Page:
So Sunday played host to one of the wierdest Grands Prix of my generation. After 3 days of wrangling over the Michelin tyres that weren’t able to take the pace (and two nasty accidents for Toyota), only 6 cars lined up on the grid for the start of the race. The crowd was stunned and quickly began booing the remaining competitors, throwing debris on the tracks and leaving the stadium. At one point, we were even informed that the riot police had been called.
So how did it happen?
Apparently Michelin only brought along one type of tyres (in contravention of the rules, which state that two different types of tyres for each GP), and these suffered some catastrophic failures on Friday, culminating in 2 bad accidents for Toyota. Ralf Schumacher had a near carbon copy of his 2004 accident, but was fortunate enough to walk away unharmed this time. He later complained of blurred vision and was taken for a precautionary check-up and was retired from the rest of the race weekend for his own safety. Michelin later stated that the tyres were not safe if used for more than 10 laps. So they decided to courier out new tyres for their teams, but there was no way to get them there before Saturday qualifying. They asked the FIA F1 Race Director if they could run with these new ones (again contravening the 2005 rules that state one set only for qualifying and practice) for the race only, but this was refused.
Next, Michelin and 9 of the teams (guess which red one didn’t agree!!) asked for the speed in turn 13 to be lowered, as this was the high speed turn where the tyres were most likely to give way. They suggested the incorporation of a chicane at turn 13, but again this was rejected by the FIA. Further correspondence was met with a final statement from the FIA – the teams involved had three choices:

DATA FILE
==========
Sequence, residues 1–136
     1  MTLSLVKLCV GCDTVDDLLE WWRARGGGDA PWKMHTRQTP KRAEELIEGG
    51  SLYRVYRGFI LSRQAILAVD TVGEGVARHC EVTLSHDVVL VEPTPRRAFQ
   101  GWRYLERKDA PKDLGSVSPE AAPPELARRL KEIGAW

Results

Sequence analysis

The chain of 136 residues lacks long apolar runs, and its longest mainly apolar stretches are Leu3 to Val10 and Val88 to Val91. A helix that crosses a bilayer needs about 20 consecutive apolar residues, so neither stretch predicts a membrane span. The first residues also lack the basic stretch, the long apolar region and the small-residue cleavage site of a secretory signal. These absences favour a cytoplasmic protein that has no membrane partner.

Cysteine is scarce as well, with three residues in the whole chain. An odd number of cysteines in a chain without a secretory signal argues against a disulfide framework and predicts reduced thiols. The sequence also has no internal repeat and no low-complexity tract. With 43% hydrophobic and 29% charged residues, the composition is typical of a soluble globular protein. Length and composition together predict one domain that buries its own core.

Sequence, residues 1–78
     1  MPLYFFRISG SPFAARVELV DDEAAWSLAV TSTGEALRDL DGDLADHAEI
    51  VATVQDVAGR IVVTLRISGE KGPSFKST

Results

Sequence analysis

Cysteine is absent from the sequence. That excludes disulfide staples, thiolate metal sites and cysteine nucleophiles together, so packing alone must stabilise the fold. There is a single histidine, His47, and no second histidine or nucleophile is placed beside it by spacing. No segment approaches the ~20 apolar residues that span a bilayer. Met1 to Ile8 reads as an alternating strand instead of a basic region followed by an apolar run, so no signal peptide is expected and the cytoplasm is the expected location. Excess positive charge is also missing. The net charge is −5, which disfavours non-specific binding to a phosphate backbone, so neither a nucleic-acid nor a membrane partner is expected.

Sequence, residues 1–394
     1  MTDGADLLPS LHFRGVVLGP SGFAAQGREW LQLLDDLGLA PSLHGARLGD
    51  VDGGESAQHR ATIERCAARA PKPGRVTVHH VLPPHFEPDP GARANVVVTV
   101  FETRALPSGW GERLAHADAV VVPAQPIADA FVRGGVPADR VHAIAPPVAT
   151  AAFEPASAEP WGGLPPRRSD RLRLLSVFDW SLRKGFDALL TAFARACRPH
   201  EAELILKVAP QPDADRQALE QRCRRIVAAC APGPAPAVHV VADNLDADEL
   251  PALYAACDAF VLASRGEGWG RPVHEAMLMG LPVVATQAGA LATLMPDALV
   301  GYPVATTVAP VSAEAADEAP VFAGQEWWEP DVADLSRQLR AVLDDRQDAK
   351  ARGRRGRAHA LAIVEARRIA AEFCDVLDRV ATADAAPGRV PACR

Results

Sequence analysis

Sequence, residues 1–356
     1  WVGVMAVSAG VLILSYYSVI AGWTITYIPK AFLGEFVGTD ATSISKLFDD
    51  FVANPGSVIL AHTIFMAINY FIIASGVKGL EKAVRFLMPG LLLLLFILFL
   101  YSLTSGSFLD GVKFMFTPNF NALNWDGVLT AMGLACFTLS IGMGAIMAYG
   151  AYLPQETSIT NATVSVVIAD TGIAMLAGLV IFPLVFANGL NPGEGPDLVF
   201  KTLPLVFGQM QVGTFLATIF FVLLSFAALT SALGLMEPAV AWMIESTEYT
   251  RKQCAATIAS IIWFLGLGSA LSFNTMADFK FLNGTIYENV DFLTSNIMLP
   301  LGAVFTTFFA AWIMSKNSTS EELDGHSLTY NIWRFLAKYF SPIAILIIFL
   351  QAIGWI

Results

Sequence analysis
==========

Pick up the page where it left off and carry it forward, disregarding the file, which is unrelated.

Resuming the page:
1) Your teams have a choice of running more slowly in Turn 12/13;
2) Running a tyre not used in qualifying (which would attract a penalty); or
3) Repeatedly changing a tyre (subject to valid safety reasons)
This meant that the drivers would have to regulate their own speed by taking turn 13 slower (and this would have led to higher risk as different teams would be approaching the turn at very different speeds), or they could have changed to the new tyre – but this would attract an unstated penalty (the rules do not state the specific penalty). Their final choice would have been to pit and change tyres every lap, but this was unfeasible as most teams would not have had enough tyres for 6 changes. And since the cars cannot be fueled at the same time as a tyre change, this would have led to a minimum of 8 pitstops per car (6 tyres plus min 2 fuel), which could have led to a very interesting race indeed!
In the end all cars turned out onto the grid for the parade lap. I spoke to a colleague who was in attendance and he said that a lot of the crowd “breathed a sign of relief” at this point, as they finally thought that they would be getting a race. The “boos” and jeers when the Michelin cars pulled into the pit lane at the end of the parade lap, were massive and the crowd was hugely disappointed. I have to ask, though, what was going through Trulli’s mind as the first car to pull into the pit lane “Will the rest of these guys follow me?”. Apparently the Jordan and Minardi teams had also agreed to join the race boycott, but the Jordans pulled onto their grid markings “forcing” the Minardi’s to join them (according to Stoddart!). And a 6 car race it was, except that not much racing went on after the first few laps…
This one is going to run for a while, but the next major development is that representatives of the seven Michelin teams have been summoned to a hearing of the FIA World Motor Sport Council to be held in Paris on Wednesday, June 29, 2005. An account of the charges against them can be found at the link below.
Despite all the wrangling, no compromise could be reached…
and only 6 cars started the race.